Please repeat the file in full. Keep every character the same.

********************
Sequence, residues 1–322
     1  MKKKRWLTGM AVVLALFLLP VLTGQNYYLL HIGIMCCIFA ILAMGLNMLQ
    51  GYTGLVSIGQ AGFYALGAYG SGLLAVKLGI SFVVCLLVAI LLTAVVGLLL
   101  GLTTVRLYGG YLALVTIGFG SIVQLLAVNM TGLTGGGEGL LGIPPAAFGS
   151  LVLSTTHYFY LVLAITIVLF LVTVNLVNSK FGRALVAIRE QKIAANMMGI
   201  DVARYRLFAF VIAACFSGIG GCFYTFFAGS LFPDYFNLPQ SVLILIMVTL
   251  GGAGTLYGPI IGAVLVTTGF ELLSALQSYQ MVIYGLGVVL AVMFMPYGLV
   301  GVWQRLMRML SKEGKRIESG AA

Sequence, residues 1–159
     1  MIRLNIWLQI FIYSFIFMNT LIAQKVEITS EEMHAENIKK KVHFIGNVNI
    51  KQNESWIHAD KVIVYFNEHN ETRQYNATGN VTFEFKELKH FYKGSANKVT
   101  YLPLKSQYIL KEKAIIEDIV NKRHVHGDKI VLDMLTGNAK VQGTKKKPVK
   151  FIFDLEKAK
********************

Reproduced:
Sequence, residues 1–322
     1  MKKKRWLTGM AVVLALFLLP VLTGQNYYLL HIGIMCCIFA ILAMGLNMLQ
    51  GYTGLVSIGQ AGFYALGAYG SGLLAVKLGI SFVVCLLVAI LLTAVVGLLL
   101  GLTTVRLYGG YLALVTIGFG SIVQLLAVNM TGLTGGGEGL LGIPPAAFGS
   151  LVLSTTHYFY LVLAITIVLF LVTVNLVNSK FGRALVAIRE QKIAANMMGI
   201  DVARYRLFAF VIAACFSGIG GCFYTFFAGS LFPDYFNLPQ SVLILIMVTL
   251  GGAGTLYGPI IGAVLVTTGF ELLSALQSYQ MVIYGLGVVL AVMFMPYGLV
   301  GVWQRLMRML SKEGKRIESG AA

Sequence, residues 1–159
     1  MIRLNIWLQI FIYSFIFMNT LIAQKVEITS EEMHAENIKK KVHFIGNVNI
    51  KQNESWIHAD KVIVYFNEHN ETRQYNATGN VTFEFKELKH FYKGSANKVT
   101  YLPLKSQYIL KEKAIIEDIV NKRHVHGDKI VLDMLTGNAK VQGTKKKPVK
   151  FIFDLEKAK